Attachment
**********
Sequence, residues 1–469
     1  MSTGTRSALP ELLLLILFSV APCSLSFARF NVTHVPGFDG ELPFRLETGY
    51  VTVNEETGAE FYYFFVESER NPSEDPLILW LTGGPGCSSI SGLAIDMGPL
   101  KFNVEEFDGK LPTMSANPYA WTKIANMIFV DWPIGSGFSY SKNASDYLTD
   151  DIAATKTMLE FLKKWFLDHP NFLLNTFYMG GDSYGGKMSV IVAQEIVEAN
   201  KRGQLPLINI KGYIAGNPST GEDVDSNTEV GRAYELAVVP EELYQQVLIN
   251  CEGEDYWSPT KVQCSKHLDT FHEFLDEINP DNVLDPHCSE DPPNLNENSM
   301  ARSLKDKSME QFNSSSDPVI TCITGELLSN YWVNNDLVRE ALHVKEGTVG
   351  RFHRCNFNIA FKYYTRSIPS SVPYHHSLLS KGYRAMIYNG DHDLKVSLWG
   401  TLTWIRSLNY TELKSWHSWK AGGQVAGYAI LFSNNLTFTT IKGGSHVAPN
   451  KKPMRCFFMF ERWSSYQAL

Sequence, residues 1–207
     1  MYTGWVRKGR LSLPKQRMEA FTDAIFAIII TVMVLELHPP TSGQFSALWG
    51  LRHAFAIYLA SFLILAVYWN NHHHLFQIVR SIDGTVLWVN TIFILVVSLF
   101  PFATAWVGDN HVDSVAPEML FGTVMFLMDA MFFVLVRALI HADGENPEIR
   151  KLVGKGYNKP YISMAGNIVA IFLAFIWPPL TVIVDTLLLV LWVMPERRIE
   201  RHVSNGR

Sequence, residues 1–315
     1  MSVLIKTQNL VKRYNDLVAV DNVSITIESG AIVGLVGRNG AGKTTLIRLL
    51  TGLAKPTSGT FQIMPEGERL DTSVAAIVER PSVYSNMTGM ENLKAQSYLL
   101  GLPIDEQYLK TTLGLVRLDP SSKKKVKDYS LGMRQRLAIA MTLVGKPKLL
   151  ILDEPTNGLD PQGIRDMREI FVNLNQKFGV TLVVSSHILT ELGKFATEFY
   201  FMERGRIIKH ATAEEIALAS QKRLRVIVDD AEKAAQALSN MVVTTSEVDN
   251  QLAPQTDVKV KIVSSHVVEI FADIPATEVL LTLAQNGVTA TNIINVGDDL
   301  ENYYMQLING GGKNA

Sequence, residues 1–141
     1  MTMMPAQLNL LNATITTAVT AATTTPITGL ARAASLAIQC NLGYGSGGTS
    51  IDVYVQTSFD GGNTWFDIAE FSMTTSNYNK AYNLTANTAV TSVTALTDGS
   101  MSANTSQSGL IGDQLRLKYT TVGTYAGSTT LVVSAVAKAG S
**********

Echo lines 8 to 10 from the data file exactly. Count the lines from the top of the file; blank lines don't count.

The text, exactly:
   301  ARSLKDKSME QFNSSSDPVI TCITGELLSN YWVNNDLVRE ALHVKEGTVG
   351  RFHRCNFNIA FKYYTRSIPS SVPYHHSLLS KGYRAMIYNG DHDLKVSLWG
   401  TLTWIRSLNY TELKSWHSWK AGGQVAGYAI LFSNNLTFTT IKGGSHVAPN